Thorp v. Berryhill, No. 3:2016cv00070 - Document 18 (W.D.N.C. 2018)
Court Description: ORDER denying 13 Motion for Summary Judgment; granting 15 Motion for Summary Judgment. The Clerk of the Court is directed to close this case. Signed by District Judge Robert J. Conrad, Jr on 1/5/2018. (eef)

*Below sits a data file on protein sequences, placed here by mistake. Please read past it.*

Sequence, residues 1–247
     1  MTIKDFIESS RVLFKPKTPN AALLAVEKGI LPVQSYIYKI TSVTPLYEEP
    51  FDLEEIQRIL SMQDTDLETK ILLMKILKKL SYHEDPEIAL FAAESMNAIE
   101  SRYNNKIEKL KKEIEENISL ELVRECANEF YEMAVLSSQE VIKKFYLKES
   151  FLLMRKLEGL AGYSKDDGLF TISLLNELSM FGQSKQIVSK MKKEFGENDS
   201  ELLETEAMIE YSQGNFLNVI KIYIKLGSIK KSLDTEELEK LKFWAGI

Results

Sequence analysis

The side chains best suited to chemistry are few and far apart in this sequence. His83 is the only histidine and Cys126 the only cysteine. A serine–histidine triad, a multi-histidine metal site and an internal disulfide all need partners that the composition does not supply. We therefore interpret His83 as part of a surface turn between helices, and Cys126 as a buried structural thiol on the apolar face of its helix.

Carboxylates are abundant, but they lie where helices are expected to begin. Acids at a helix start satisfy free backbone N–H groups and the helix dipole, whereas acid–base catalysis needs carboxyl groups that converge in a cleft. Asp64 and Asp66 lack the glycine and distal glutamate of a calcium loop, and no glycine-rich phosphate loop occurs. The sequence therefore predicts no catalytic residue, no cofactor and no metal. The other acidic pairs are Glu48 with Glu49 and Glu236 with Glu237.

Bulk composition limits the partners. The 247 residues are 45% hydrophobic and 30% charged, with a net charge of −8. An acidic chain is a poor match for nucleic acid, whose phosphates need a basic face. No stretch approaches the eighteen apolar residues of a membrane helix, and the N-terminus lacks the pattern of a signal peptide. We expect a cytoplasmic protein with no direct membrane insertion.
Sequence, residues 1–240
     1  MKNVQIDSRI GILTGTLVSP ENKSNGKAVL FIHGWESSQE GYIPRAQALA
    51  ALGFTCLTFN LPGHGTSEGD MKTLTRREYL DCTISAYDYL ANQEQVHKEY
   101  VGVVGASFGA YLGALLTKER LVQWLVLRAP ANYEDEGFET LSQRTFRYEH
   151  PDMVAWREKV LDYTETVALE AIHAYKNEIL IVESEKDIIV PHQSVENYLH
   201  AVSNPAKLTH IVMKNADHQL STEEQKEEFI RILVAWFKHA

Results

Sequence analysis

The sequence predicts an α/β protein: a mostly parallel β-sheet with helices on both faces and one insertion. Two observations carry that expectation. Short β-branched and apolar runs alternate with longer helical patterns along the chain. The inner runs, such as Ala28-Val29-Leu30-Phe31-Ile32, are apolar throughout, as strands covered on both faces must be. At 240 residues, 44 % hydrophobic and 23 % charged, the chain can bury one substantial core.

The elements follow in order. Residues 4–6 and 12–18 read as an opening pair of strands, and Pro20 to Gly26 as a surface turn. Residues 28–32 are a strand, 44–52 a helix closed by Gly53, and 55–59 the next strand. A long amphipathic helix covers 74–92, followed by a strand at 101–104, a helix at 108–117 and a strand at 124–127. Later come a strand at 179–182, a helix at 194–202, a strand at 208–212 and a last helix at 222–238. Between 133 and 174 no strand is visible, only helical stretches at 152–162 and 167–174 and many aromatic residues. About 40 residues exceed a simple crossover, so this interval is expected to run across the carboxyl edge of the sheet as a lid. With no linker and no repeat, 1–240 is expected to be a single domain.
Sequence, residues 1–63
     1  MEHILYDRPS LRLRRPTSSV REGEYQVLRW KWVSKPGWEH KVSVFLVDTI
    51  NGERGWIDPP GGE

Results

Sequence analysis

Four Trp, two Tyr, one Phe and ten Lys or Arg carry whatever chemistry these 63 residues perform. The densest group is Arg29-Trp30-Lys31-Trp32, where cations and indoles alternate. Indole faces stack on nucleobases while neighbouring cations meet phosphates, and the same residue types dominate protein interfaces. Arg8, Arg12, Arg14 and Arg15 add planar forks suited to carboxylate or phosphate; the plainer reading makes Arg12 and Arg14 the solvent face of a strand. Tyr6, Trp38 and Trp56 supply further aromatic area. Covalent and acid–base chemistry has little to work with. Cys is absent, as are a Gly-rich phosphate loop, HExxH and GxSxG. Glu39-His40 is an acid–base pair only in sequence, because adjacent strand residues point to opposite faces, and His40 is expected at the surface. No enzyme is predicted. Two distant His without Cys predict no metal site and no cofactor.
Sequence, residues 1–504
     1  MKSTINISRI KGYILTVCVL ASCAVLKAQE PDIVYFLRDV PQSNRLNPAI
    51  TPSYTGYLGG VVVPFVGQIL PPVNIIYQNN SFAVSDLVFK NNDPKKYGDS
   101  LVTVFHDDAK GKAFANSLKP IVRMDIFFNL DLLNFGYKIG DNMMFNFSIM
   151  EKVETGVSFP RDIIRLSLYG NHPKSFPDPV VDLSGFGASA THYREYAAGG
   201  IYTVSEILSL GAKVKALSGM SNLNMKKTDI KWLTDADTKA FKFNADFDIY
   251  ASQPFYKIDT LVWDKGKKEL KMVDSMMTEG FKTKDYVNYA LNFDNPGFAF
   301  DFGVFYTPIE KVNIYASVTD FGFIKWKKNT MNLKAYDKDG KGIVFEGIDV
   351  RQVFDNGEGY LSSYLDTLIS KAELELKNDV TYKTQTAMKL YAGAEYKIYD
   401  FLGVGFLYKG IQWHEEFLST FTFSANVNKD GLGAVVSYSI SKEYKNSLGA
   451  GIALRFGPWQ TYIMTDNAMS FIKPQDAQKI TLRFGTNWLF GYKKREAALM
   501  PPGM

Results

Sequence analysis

Thorp v. Berryhill Doc. 18 UNITED STATES DISTRICT COURT WESTERN DISTRICT OF NORTH CAROLINA CHARLOTTE DIVISION CIVIL ACTION NO. 3:16-CV-00070-RJC KATHLEEN M. THORP, Plaintiff, v. NANCY A. BERRYHILL, Acting Commissioner of Social Security, Defendant. ) ) ) ) ) ) ) ) ) ) ) ORDER THIS MATTER comes before the Court on Plaintiff’s Motion for Summary Judgment, (Doc. No. 13); Plaintiff’s Memorandum in Support, (Doc. No. 14); Defendant’s Motion for Summary Judgment, (Doc. No. 15); and Defendant’s Memorandum in Support, (Doc. No. 16). The motions are ripe for adjudication. I. BACKGROUND A. Procedural Background Kathleen M. Thorp (“Plaintiff”) seeks judicial review of Nancy A. Berryhill’s (“Defendant” or “Commissioner”) denial of her social security claim. Plaintiff filed an application under Title II for a period of disability and disability insurance benefits on December 17, 2011, alleging an onset date of May 21, 2011. (Doc. Nos. 10 to 10-9: Administrative Record (“Tr.”) at 101). Her applications were denied first on July 9, 2012, and again on October 10, 2012 upon reconsideration. (Id. at 116–19, 125–128). Plaintiff filed a timely request for a hearing on October 17, 2017 (Id. at 129), and an administrative hearing was held by an administrative law judge (“ALJ”) for the Social Security Administration on March 31, 2014. (Id. at 33–90). Dockets.Justia.com Following this hearing, the ALJ found that the Plaintiff was not disabled because she was capable of performing past relevant work as an administrative assistant. (Id. 28). The Plaintiff requested a review of the ALJ’s decision on August 26, 2014, but on June 27, 2014, the Appeals Council issued an unfavorable decision. (Id. at 1–8, 9). The findings of the Appeals Council affirmed the conclusion of the ALJ that Plaintiff was not disabled under the SSA, albeit for different reasons. (Id. at 1–8). Plaintiff exhausted her administrative remedies and this case is now before the Court for disposition of the parties’ cross-motions for summary judgment. Plaintiff’s Motion for Summary Judgment, (Doc. No. 13), and Plaintiff’s Memorandum in Support, (Doc. No. 14), were filed on July 12, 2016. Defendant’s Motion for Summary Judgment, (Doc. No. 15) and Memorandum in Support, (Doc. No. 16), were filed on September 12, 2016. B. Factual Background The question before the ALJ was whether Plaintiff was disabled under sections 216(i) and 223(d) of the Social Security Act (“SSA”). (Tr. 13). To establish entitlement to benefits, Plaintiff has the burden of proving that she was disabled within the meaning of the SSA. 1 Bowen v. Yuckert, 482 U.S. 137, 146 n5 (1987). Plaintiff alleges that her disability began on December 17, 2011 due to back injury; foraminal stenosis 14-15, 15-S1; coccygectomy; degenerative disc disease; spinal fusion L4-S1; and foraminal stenosis L4-L5, L5-S1. (Tr. 101). After reviewing Plaintiff’s record and conducting a hearing, the ALJ found that Plaintiff did not suffer from a disability as defined in the SSA. (Id. at 28). In reaching his conclusion, the Under the SSA, 42 U.S.C. § 301, et seq., the term “disability” is defined as an “inability to engage in any substantial gainful activity by reason of any medically determinable physical or mental impairment which can be expected to result in death or which has lasted or can be expected to last for a continuous period of not less than 12 months.” Pass v. Chater, 65 F.3d 1200, 1203 (4th Cir. 1995) (quoting 42 U.S.C. § 423(d)(1)(A)). 1 ALJ used the five-step sequential evaluation process established by the Social Security Administration for determining if a person is disabled. The five steps are: (1) whether claimant is engaged in substantial gainful activity—if yes, not disabled; (2) whether claimant has a severe medically determinable physical or mental impairment, or combination of impairments that meet the duration requirement in § 404.1509—if no, not disabled; (3) whether claimant has an impairment or combination of impairments that meets or medically equals one of the listings in appendix 1 and meets the duration requirement—if yes, disabled; (4) whether claimant has the residual functional capacity (“RFC”) to perform his or her past relevant work—if yes, not disabled; and (5) whether considering claimant's RFC, age, education, and work experience he or she can make an adjustment to other work—if yes, not disabled. See 20 C.F.R. § 404.1520(a)(4)(i-v). In this case, the ALJ determined at the fourth step that Plaintiff was not disabled. (Tr. 28). In reaching his decision, the ALJ first concluded that Plaintiff had not engaged in any substantial gainful activity since May 21, 2011, the alleged onset date. (Id. at 15). At the second step, the ALJ found that the Plaintiff had the following severe impairments: “degenerative disk disease, L4-5 and L5-S1 formalminal stenosis, status post L4-S1 spinal fusion surgery and coccygetomy, and obesity.” (Id.). At the third step, the ALJ determined that Plaintiff did not have an “impairment or combination of impairments that meets or medically equals the severity of one of the listed impairments in 20 C.F.R. Part 404, Subpart P, Appendix 1 (20 C.F.R. 404.1520(d), 404.1525 and 404.1526).” (Id. at 22). Subsequently, the ALJ assessed Plaintiff’s RFC and found that she retained the capacity to perform “light work” as defined by 20 C.F.R. § 404.1567(b). (Id. at 21). When making this finding, the ALJ stated that he “considered all symptoms and the extent to which these symptoms can reasonably be accepted as consistent with the objective medical evidence and other evidence….” (Id.). The ALJ further opined that he “considered opinion evidence in accordance with the requirements of 20 C.F.R. 404.1527 and SSRs 96-2p, 96-5p, 96-6p and 06-3p.” (Id.). Using this RFC, the ALJ found at the fourth step that Plaintiff could perform her past relevant work as an administrative assistant. (Id. at 28). Plaintiff’s RFC, the ALJ concluded, did not preclude her from performing her work-related activities. (Id.). On review, the Appeals Council agreed with the ALJ’s ultimate conclusion that Plaintiff was not disabled under the SSA, but found that the ALJ erred in determining that Plaintiff could perform her past relevant work. (Id. at 5). Because Plaintiff performed her job as an administrative assistant longer than 15 years ago, it could not be considered past relevant work as defined by 20 C.F.R. § 416.1560(a)(1). (Id.). Nonetheless, the Appeals Council found that, given Plaintiff’s RFC to perform the full range of light work, she was not precluded from performing jobs that exist in significant numbers in the national economy. (Id. at 6). Plaintiff now argues that the ALJ failed to make complete findings as to Plaintiff’s mental RFC and explain why limitations described within medical opinions were not mentioned within the RFC analysis. (Doc. No. 14 at 5, 12). Plaintiff also argues that the Appeals Council erred by not vacating the ALJ’s decision upon receiving new evidence. (Id. at 16). In response, Defendant argues that substantial evidence supports the ALJ’s determination of Plaintiff’s mental RFC, the limitations of Plaintiff’s ability to work were properly considered in determining her overall RFC, and the Appeals Council correctly concluded that Plaintiff was not disabled, even in light of new evidence. (Doc. No. 16 at 1–2). II. STANDARD OF REVIEW The Court must decide whether substantial evidence supports the final decision of the Commissioner and whether the Commissioner fulfilled his lawful duty in his determination that Plaintiff was not disabled under the Social Security Act. See 42 U.S.C. §§ 405(g) and 1382(c). The Social Security Act, 42 U.S.C. § 405(g) and § 1383(c)(3), limits this Court’s review of a final decision of the Commissioner to: (1) whether substantial evidence supports the Commissioner’s decision, Richardson v. Perales, 402 U.S. 389, 390, 401 (1971); and (2) whether the Commissioner applied the correct legal standards, Hays v. Sullivan, 907 F.2d 1453, 1456 (4th Cir. 1990); see also Hunter v. Sullivan, 993 F.2d 31, 34 (4th Cir. 1992) (per curiam). The District Court does not review a final decision of the Commissioner de novo. Smith v. Schweiker, 795 F.2d 343, 345 (4th Cir. 1986); King v. Califano, 599 F.2d 597, 599 (4th Cir. 1979); Blalock v. Richardson, 483 F.2d 773, 775 (4th Cir. 1972). As the Social Security Act provides, “[t]he findings of the [Commissioner] as to any fact, if supported by substantial evidence, shall be conclusive.” 42 U.S.C. § 405(g). In Smith v. Heckler, the Fourth Circuit noted that “substantial evidence” has been defined as being “more than a scintilla and [do]ing more than creat[ing] a suspicion of the existence of a fact to be established. It means such relevant evidence as a reasonable mind might accept as adequate to support a conclusion.” 782 F.2d 1176, 1179 (4th Cir. 1986) (quoting Perales, 402 U.S. at 401); see also Seacrist v. Weinberger, 538 F.2d 1054, 1056–57 (4th Cir. 1976) (“We note that it is the responsibility of the [Commissioner] and not the courts to reconcile inconsistencies in the medical evidence….”). The Fourth Circuit has long emphasized that it is not for a reviewing court to weigh the evidence again, nor to substitute its judgment for that of the Commissioner, assuming the Commissioner’s final decision is supported by substantial evidence. Hays, 907 F.2d at 1456; see also Smith v. Schweiker, 795 F.2d at 345; Blalock, 483 F.2d at 775. Indeed, this is true even if the reviewing court disagrees with the outcome–so long as there is “substantial evidence” in the record to support the final decision below. Lester v. Schweiker, 683 F.2d 838, 841 (4th Cir. 1982). III. DISCUSSION A. The ALJ properly determined Plaintiff’s Mental RFC. Plaintiff argues that the ALJ failed to give a function-by-function analysis of the nonexertional mental functions associated with Plaintiff’s difficulties. (Doc. No. 14 at 5). Specifically, Plaintiff argues that the ALJ erred in failing to mention the mild limitation in Plaintiff’s concentration, persistence, or pace found in step two. (Id. at 8). To support her argument, Plaintiff cites Mascio v. Colvin, which held that an ALJ must explain a claimant’s moderate limitation in concentration, persistence or pace when determining that claimant’s RFC. 780 F.3d 632, 638 (4th Cir. 2015); (Doc. No. 14 at 11). Upon review, the Court finds that the ALJ did not err in his determination and explanation of Plaintiff’s RFC. The Court first notes that this case differs markedly from Mascio. There, the ALJ determined that claimant had moderate restrictions maintaining concentration, persistence, or pace. Mascio, 780 F.3d at 638. Here, the ALJ found that Plaintiff’s mental impairments were nonsevere and that Plaintiff had mild difficulties maintaining concentration, persistence or pace. (Tr. 19–20). This Court does not interpret Mascio’s holding as applying to all restrictions.2 Brooks v. Berryhill, No. 3:15-CV-00440-RJC, 2017 WL 1196449, at *4 (W.D.N.C. Mar. 29, 2017) (holding that “Mascio dealt with ‘moderate’ restrictions and did not hold that all restrictions, including mild 2 This Court recognizes the differing views regarding this issue. See, e.g., Reinhardt v. Colvin, No. 3:14-CV-00488-MOC, 2015 WL 1756480, at *3 (W.D.N.C. Apr. 17, 2015) (finding that the ALJ failed to provide a detailed assessment of the plaintiff’s mild mental limitations in the body of the RFC discussion). restrictions, be explicitly discussed in terms of RFC.”). See also Gilbert v. Berryhill, No. 5:16CV-00100-MOC, 2017 WL 1196452, at *3 (W.D.N.C. Mar. 29, 2017) (finding that Mascio did not apply to cases of mild difficulties); Roberson v. Colvin, No. 3:14–cv–00488–MOC, 2016 WL 5844148, at *6 (W.D.N.C. Oct. 4, 2016) (finding that, because the case “concerns only ‘mild difficulties,’ it [did not] trigger the RFC discussion requirements of Mascio per se.”). As such, this Court does not find Plaintiff’s first argument persuasive. The ALJ properly assessed Plaintiff’s mental RFC, even in light of Mascio’s holding. Furthermore, it is worth noting that the ALJ’s RFC analysis does mention Plaintiff’s mental impairments. The ALJ stated that “State agency psychological consultants found [Plaintiff’s] mental impairments to be nonsevere.” (Tr. 27). The ALJ then concluded that, “[i]n making [his] function-by-function assessment, [he] generally agree[d] with the functional limitations imposed by the State agency medical consultants.” (Id.). The ALJ also recounted 2014 treatment notes of Dr. Tignor, Plaintiff’s primary care provider, which indicated that Plaintiff denied anxiety or depression. (Id. at 25). The ALJ’s RFC analysis otherwise goes into considerable detail in assessing Plaintiff’s physical pains and the severe limitations that they pose. This makes sense considering that Plaintiff attributed her problems with concentration to her physical pain rather than her mental impairments. (Id. at 20). B. The ALJ properly determined Plaintiff’s RFC in light of various medical opinions. Next, Plaintiff argues that the ALJ’s determination of her RFC lacked a function-byfunction assessment when the limitations described within a State agency consultant’s medical opinion—otherwise given great weight by the ALJ—were not mentioned. (Doc. No. 14 at 12). The medical opinion in question belonged to Dr. Gardner, who determined in 2012 that Plaintiff could only occasionally climb ramps and stairs; climb ladders, ropes, and scaffolds, balance; stoop; crouch; and crawl. (Id.) (citing Tr. 111). Upon review of the record, the Court finds that the ALJ did mention the above postural limitations when assessing Plaintiff’s RFC. When addressing the weight given to the state agency consultants’ opinions, the ALJ stated, “The State agency physicians concluded that the claimant can suit, stand, or walk for about six hours in a workday; can push and pull, lift and carry 20 pounds occasionally and 10 pounds frequently; has minimal postural and environmental limitations; and has no visual, manipulative, or communicative limitations.” (Tr. 27) (emphasis added). Clearly, the limitation of “occasional” climbing, balancing, stooping, crouching, and crawling correlates to a minimal postural limitation. Plaintiff is correct that the ALJ declined to modify Plaintiff’s RFC beyond the “full range of light work” in light of these minimal postural limitations. (Id. at 21). However, the Court does not find that the ALJ erred in this determination. As mentioned above, the ALJ clearly considered the State agency’s limitations. Furthermore, the ALJ tracks the progression of Plaintiff’s treatment history and specifically notes that her complaints of pain decreased after Dr. Gardner’s 2012 opinion. (Id. at 23–26). C. The Appeals Council did not err in light of new evidence submitted by Plaintiff. Lastly, Plaintiff argues that the Appeals Council erred in determining that Plaintiff was not disabled under the SSA, even after Plaintiff submitted new, allegedly contradictory evidence. (Doc. No. 14 at 16–19). This new evidence comes in the form of a letter written by Plaintiff’s treating orthopedic specialist, Dr. Getter. (Id. at 17) (citing (Tr. 543)). On review, this Court does not find that the Appeals Council erred in its determination, even in light of Dr. Getter’s letter. The Appeals Council is required to consider new and material evidence when deciding if they will grant review of the ALJ’s decision. Parham v. Comm'r of Soc. Sec., 627 F. App'x 233 (4th Cir. 2015). “Evidence is new if it is not duplicative or cumulative and is material if there is a reasonable possibility that the new evidence would have changed the outcome.” Meyer v. Astrue, 662 F.3d 700, 705 (4th Cir.2011). New and material evidence “need not have existed during that period, but rather must be considered if it has any bearing upon whether the claimant was disabled during the relevant period of time.” Outlaw v. Colvin, No. 5:11-CV-647-FL, 2013 WL 1309372, at * 2 (E.D.N.C. Mar. 28, 2013) (citing Wooldridge v. Bowen, 816 F.2d 157, 160 (4th Cir. 1987)). Plaintiff cites Meyer v. Astrue, which remanded a case back to the ALJ to reconsider new evidence that post-dated the ALJ’s decision to deny a claimant disability benefits. 662 F.3d at 703. However, District Courts have limited the applicability of Meyer to those cases where an evidentiary gap exists in the medical record. Clevenger v. Colvin, No. 2:16-CV-14, 2016 WL 6236316, at *5 (N.D.W. Va. Oct. 25, 2016) (citing Turner v. Colvin, 2015 WL 751522, at *5–6 (D.S.C. Feb. 23, 2015); Miller v. Colvin, 2014 WL 2208119, at *4 (W.D.N.C. May 28, 2014); Davis v. Astrue, 2012 WL 4479252, at *3 (D.S.C. Sept. 27, 2012)). Even if Plaintiff’s new evidence was considered new and material, no such evidentiary gap exists in this case. Dr. Getter’s letter addresses Plaintiff’s pain after her coccygectomy and the installation of a paint stimulator. (Tr. 543). However, the record does not suffer from a gap of evidence after these two procedures. In fact, the ALJ cites Dr. Getter’s own records which expressed both his and Plaintiff’s pleasure in regards to Plaintiff’s decreased pain and discomfort. (Id. at 25). In addition to Dr. Getter’s records, the ALJ also cited a 2014 treatment notes from Dr. Tignor which indicate that Plaintiff complained of “chronic low back pain,” but “denied experiencing any back pain, joint pain, muscle pain, muscle cramp, joint stiffness, or joint swelling.” (Id.). Considering this evidence detailing Plaintiff’s condition after her coccygectomy and the installation of a paint stimulator, the Appeals Council did not err when it declined to vacate the ALJ’s decision in light of Dr. Getter’s most recent letter. IV. CONCLUSION Upon review, this Court finds for Defendant. The ALJ properly determined Plaintiff’s RFC in light of both Plaintiff’s mild limitation in concentration, persistence, or pace as well as the medical opinions of State agency physicians. Furthermore, Plaintiff’s new evidence did not warrant the Appeals Council to vacate the ALJ’s position because no evidentiary gap existed. IT IS THEREFORE, ORDERED that: 1. Plaintiff’s Motion for Summary Judgment, (Doc. No. 13), is DENIED; 2. Defendant’s Motion for Summary Judgment, (Doc. No. 15), is GRANTED; 3. The Clerk of the Court is directed to close this case. Signed: January 5, 2018 SEALED DOCUMENT with access to All Parties/Defendants.